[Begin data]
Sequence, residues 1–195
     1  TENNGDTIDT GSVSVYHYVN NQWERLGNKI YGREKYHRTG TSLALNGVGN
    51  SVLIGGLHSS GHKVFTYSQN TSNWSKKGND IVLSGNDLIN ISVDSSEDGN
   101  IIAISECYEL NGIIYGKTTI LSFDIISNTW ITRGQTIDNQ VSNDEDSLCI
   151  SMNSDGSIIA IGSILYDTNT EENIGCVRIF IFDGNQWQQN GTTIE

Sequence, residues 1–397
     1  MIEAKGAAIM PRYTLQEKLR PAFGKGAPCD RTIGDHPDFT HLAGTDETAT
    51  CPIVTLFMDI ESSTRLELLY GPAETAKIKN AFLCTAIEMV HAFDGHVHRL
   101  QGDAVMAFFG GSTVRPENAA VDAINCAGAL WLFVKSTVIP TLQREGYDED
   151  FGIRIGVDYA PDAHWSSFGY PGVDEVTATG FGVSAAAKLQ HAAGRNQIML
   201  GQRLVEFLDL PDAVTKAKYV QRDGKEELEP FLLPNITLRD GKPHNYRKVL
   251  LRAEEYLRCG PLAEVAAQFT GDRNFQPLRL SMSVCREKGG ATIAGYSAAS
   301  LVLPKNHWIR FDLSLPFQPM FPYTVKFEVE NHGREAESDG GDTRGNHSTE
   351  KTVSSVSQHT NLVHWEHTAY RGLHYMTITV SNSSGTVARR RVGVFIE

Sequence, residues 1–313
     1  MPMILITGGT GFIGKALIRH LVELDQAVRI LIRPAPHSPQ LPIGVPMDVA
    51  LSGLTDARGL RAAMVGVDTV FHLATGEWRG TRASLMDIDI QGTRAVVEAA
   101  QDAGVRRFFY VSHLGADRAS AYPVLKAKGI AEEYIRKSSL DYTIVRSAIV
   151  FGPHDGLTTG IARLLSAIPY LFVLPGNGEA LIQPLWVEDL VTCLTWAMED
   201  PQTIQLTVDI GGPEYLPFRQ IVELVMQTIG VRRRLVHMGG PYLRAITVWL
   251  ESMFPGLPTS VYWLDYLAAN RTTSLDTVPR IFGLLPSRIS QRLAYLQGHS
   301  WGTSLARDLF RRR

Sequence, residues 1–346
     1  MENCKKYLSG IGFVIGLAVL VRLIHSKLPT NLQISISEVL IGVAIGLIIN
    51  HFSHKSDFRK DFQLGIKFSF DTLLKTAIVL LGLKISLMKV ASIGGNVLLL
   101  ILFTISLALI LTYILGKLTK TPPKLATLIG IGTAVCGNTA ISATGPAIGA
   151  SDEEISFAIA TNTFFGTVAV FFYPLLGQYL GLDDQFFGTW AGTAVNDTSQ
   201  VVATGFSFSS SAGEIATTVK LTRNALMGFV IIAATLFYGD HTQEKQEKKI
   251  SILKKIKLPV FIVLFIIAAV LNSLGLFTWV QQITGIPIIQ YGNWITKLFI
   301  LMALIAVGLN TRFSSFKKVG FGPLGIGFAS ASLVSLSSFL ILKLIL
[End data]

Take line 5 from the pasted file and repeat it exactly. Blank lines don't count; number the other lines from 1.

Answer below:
   151  SMNSDGSIIA IGSILYDTNT EENIGCVRIF IFDGNQWQQN GTTIE